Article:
Venezuela, what lies ahead

Reading Time: 2 minutes While Hugo Chavez remains in Cuba for treatment while the Venezuela economy worsens. It has become a place of unease, especially for those who wish to travel back, but fear for the life when walking the streets.

Reading Time: 2 minutes
Since Venezuela’s President Hugo Chávez came to power in 1998, there have been growing tension with the United States. Many fear the tension will prove disastrous if Hugo Chávez’s current health condition worsens, leaving Venezuela vunerable to other countries.

According to the U.S. government, Venezuela is one of their four top oil suppliers.

“I fear the United States government will reorganize,” said Dr. Lynn England, lecturer of history and political science. “[They are] ready to make a major effort to bring the Venezuela government back to what it was like prior to Hugo Chávez once he passes away.”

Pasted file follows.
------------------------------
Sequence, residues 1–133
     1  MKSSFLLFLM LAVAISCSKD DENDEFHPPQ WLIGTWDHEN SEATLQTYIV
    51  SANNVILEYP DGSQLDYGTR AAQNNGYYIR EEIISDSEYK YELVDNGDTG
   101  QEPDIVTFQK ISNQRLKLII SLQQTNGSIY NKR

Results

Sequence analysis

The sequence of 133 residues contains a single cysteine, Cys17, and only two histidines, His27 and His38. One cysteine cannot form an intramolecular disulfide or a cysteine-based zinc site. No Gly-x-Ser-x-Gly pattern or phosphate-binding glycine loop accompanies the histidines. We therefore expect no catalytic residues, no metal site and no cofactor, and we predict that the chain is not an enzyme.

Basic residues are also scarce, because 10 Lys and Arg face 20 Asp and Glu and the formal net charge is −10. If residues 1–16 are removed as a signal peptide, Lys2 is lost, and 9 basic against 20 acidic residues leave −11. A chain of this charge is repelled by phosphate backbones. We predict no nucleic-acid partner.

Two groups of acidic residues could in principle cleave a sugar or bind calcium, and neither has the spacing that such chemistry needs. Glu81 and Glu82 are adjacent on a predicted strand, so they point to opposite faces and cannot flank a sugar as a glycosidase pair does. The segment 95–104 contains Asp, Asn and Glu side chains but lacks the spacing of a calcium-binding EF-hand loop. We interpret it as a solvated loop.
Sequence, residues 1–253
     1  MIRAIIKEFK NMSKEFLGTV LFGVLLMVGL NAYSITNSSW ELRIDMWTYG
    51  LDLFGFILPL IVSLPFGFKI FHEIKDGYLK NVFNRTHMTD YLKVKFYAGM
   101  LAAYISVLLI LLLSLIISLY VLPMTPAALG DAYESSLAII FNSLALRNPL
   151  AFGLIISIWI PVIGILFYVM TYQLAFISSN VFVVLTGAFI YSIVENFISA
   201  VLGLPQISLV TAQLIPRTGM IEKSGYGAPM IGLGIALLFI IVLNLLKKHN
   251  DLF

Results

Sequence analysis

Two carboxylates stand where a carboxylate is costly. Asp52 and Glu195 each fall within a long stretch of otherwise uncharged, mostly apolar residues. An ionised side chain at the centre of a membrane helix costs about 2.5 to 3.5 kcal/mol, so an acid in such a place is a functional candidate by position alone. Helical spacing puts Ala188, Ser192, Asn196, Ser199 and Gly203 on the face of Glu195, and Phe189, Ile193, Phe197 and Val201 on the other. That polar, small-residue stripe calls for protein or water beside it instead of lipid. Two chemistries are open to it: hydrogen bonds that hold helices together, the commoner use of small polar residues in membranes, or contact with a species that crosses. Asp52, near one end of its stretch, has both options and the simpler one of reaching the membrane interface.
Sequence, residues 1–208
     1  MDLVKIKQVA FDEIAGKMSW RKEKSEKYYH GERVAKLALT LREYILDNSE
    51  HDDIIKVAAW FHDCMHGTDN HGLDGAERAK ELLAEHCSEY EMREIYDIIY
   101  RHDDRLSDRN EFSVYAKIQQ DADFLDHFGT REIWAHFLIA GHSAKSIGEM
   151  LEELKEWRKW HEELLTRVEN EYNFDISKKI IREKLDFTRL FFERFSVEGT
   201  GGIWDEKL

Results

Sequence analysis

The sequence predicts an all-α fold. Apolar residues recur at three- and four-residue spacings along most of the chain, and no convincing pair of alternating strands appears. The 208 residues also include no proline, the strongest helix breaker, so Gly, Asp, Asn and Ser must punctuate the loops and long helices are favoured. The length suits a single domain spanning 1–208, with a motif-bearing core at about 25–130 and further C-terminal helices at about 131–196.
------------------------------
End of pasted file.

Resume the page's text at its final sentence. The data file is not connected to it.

hugo_chavezChávez hasn’t been seen in the public eye since Dec. 10. The last mention from Chávez in the media was his fight with an unnamed cancer. He didn’t make his own inauguration on Jan. 10.

Many speculate he is doing worse than the government reports.

“I assume it is a very serious form of cancer that may have spread,” England said. “But for political reasons, I believe the [Venezuela government] is not talking a lot about it.”

Chávez appointed Nicolás Maduro, Venzuela’s vice president, as interim leader while he remains in a hospital bed in Cuba. Regardless of who is charge, the country faces a troubled economy, according to PBS.

“When I lived at home, I used to be able to hang out with my friends outside at night,” said Paola Rondon, an international student from Venezuela. “But even in the past few years, it’s too dangerous. I would have to be home by seven.”

During his [Chávez’s] presidency, he has hoped to accomplish what Jesler Molina, another international UVU student from Venezuela, calls “socialism of the 21st century.”

Chávez’s ideas of socialism seem to have culimated into a “government charity, where food and other products become increasingly scarce,” Molina said.

It is unclear what would become of Venezuela if Chávez does pass away, potentially leading to an increased number of international students moving to the U.S. hoping for a safer future.

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